Pharmacokinetics of chloramphenicol following administration of intravenous and subcutaneous chloramphenicol sodium succinate, and subcutaneous chloramphenicol, to koalas (Phascolarctos cinereus)


Lisa A. Black, Faculty of Veterinary Science, The University of Sydney, NSW 2006, Australia. E-mail:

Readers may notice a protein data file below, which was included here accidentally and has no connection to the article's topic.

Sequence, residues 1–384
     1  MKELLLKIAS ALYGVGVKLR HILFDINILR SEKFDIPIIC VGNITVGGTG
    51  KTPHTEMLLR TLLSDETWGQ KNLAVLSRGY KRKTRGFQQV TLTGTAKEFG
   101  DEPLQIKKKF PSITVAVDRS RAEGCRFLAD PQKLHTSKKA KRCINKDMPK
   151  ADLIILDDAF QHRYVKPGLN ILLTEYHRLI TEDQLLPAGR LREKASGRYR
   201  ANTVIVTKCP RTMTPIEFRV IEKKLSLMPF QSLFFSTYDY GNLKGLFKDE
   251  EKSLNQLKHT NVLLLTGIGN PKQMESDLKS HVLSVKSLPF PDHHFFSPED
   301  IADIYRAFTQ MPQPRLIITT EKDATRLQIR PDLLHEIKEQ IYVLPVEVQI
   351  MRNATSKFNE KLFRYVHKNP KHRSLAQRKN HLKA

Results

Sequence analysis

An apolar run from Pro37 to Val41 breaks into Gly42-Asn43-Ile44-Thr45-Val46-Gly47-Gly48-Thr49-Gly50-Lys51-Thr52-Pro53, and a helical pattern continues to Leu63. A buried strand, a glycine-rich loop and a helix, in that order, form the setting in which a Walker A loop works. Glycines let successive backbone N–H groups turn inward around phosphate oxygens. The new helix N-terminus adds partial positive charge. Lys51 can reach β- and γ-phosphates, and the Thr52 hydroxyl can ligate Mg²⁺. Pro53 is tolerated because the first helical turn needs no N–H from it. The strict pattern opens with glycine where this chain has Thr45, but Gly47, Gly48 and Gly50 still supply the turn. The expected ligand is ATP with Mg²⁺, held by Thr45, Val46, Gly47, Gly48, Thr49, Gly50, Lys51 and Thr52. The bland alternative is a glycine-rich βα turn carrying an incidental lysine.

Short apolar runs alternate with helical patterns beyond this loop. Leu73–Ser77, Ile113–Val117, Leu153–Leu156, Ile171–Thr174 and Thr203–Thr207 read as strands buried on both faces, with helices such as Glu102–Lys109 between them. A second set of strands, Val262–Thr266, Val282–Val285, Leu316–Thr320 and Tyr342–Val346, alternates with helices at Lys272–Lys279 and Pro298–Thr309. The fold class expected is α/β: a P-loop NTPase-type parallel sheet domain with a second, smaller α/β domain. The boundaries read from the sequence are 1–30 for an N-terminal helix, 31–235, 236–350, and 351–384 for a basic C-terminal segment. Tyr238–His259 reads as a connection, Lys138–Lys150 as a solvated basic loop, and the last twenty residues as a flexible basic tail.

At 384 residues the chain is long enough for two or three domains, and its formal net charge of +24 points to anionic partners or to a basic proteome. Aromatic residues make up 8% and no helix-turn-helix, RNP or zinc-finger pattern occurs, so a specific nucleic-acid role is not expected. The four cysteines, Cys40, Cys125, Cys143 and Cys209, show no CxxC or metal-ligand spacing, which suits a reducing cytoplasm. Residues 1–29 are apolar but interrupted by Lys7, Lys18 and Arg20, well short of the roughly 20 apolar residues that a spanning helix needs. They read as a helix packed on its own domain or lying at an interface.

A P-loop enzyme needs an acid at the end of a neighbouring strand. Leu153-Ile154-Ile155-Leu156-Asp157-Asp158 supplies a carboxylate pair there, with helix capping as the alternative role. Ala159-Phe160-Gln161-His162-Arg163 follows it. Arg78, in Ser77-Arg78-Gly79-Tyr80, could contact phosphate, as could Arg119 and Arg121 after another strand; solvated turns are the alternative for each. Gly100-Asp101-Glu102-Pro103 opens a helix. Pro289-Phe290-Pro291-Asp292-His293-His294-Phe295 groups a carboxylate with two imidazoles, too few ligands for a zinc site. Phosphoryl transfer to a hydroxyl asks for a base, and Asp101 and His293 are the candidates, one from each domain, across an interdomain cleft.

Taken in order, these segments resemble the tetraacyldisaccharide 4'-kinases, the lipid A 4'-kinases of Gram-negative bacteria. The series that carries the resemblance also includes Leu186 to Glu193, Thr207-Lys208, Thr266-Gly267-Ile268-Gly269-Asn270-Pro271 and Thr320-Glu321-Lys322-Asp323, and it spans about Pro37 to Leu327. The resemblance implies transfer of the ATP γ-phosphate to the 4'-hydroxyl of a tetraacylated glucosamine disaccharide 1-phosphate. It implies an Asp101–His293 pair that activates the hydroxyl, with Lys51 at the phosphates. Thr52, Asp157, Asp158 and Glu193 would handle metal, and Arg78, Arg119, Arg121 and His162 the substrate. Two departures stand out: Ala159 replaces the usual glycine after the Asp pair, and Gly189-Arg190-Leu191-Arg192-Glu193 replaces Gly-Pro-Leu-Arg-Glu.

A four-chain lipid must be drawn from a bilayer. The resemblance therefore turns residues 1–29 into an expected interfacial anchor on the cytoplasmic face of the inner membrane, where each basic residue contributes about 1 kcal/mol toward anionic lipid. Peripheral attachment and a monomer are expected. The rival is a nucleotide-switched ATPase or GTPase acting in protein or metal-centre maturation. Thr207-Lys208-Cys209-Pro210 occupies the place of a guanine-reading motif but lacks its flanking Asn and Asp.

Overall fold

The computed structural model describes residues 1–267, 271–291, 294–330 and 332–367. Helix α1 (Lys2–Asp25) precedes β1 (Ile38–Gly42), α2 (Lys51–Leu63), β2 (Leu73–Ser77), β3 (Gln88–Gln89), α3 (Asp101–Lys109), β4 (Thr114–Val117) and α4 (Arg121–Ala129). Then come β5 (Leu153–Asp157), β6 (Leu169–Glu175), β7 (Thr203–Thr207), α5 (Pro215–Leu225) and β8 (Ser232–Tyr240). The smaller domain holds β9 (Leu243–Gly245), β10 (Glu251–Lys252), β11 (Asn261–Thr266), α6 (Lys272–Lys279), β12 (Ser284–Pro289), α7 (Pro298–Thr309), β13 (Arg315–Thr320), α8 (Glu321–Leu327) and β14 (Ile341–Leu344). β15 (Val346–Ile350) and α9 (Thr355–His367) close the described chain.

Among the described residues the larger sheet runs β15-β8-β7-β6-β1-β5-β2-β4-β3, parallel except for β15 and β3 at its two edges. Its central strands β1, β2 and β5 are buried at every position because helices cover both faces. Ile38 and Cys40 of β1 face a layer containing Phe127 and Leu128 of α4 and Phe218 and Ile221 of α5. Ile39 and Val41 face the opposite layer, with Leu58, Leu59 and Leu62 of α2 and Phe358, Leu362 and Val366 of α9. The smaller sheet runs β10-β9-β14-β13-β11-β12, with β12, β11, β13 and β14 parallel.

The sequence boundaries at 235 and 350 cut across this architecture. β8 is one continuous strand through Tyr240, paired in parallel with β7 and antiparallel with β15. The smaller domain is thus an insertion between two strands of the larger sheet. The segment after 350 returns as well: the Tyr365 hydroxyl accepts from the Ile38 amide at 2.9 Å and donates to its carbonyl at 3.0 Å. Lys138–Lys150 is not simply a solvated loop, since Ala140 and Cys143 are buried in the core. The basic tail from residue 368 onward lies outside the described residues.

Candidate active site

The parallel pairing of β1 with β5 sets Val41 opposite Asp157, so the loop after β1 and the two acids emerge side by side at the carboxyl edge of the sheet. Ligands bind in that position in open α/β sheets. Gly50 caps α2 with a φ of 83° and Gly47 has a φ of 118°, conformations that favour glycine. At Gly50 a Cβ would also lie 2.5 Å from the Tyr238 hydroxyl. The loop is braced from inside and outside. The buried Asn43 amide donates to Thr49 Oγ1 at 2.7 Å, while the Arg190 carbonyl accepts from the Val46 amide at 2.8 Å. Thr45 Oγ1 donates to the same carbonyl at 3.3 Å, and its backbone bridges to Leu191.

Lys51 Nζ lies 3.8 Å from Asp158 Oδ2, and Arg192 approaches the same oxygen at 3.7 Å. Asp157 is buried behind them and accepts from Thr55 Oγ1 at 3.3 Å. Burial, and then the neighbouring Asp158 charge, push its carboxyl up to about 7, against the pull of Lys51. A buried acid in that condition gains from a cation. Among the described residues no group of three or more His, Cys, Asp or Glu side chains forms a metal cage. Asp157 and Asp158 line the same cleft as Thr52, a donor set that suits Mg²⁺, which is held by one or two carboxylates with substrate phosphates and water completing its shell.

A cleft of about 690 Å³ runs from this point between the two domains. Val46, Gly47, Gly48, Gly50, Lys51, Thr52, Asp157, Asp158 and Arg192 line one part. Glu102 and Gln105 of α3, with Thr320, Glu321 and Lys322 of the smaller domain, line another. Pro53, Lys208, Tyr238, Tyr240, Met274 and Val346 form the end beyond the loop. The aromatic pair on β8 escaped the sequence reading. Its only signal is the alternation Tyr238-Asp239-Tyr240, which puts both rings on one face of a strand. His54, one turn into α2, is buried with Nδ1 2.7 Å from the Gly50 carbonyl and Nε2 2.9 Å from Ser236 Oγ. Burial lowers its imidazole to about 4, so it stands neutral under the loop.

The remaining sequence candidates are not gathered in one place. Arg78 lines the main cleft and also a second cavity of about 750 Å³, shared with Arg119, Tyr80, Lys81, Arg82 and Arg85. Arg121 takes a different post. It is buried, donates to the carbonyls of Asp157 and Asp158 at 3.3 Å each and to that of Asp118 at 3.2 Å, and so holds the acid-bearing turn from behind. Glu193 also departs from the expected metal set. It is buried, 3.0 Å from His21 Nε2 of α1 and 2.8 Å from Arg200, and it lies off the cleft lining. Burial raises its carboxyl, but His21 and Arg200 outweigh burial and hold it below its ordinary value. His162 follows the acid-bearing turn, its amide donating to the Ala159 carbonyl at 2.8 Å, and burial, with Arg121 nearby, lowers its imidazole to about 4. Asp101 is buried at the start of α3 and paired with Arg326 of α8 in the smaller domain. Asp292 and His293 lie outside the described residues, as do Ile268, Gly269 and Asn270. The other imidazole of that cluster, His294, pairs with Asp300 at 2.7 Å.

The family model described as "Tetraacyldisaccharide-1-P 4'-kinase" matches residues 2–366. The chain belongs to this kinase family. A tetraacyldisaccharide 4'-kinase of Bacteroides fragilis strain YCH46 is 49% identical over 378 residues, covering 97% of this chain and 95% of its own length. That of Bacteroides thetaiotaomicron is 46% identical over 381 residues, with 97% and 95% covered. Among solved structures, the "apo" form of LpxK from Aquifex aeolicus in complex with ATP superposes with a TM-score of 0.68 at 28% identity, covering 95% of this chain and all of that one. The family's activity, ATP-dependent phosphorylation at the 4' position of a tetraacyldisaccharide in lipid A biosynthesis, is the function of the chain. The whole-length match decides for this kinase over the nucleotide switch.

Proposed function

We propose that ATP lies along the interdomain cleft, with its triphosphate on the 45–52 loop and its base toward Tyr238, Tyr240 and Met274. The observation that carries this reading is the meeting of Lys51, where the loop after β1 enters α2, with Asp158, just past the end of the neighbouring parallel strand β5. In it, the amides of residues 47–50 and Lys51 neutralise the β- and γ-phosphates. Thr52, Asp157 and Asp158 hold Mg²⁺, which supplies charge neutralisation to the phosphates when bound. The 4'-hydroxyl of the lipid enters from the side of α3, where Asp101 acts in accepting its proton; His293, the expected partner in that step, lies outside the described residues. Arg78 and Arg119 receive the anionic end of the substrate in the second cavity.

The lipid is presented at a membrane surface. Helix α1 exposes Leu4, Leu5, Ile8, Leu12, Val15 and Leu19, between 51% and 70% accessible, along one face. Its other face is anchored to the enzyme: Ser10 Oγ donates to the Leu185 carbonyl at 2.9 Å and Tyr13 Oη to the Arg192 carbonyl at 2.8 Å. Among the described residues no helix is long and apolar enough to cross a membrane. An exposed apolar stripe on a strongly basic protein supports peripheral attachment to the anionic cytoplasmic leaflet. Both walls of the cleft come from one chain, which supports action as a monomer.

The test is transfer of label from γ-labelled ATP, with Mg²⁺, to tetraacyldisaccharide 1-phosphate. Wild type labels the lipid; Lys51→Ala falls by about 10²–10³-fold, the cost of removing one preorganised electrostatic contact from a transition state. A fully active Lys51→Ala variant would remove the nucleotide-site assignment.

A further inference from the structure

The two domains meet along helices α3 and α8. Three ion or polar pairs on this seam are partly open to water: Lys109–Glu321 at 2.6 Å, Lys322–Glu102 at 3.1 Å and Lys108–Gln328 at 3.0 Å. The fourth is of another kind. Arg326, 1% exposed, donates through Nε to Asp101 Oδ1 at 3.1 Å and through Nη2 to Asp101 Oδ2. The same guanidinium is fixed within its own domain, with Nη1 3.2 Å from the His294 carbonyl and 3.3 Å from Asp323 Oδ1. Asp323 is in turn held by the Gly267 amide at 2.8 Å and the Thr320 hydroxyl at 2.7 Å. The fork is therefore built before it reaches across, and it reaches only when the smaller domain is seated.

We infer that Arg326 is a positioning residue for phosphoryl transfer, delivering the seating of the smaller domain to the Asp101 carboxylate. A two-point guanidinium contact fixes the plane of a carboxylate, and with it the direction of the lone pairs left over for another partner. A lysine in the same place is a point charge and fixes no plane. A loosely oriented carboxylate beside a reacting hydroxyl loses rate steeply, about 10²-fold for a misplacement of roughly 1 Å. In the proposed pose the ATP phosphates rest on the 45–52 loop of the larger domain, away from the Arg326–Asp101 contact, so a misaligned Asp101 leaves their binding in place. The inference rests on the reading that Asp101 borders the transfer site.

Clinically normal koalas (n = 19) received a single dose of intravenous (i.v.) chloramphenicol sodium succinate (SS) (25 mg/kg; n = 6), subcutaneous (s.c.) chloramphenicol SS (60 mg/kg; n = 7) or s.c. chloramphenicol base (60 mg/kg; n = 6). Serial plasma samples were collected over 24–48 h, and chloramphenicol concentrations were determined using a validated high-performance liquid chromatography assay. The median (range) apparent clearance (CL/F) and elimination half-life (t1/2) of chloramphenicol after i.v. chloramphenicol SS administration were 0.52 (0.35–0.99) L/h/kg and 1.13 (0.76–1.40) h, respectively. Although the area under the concentration–time curve was comparable for the two s.c. formulations, the absorption rate-limited disposition of chloramphenicol base resulted in a lower median Cmax (2.52; range 0.75–6.80 μg/mL) and longer median tmax (8.00; range 4.00–12.00 h) than chloramphenicol SS (Cmax 20.37, range 13.88–25.15 μg/mL; tmax 1.25, range 1.00–2.00 h). When these results were compared with susceptibility data for human Chlamydia isolates, the expected efficacy of the current chloramphenicol dosing regimen used in koalas to treat chlamydiosis remains uncertain and at odds with clinical observations.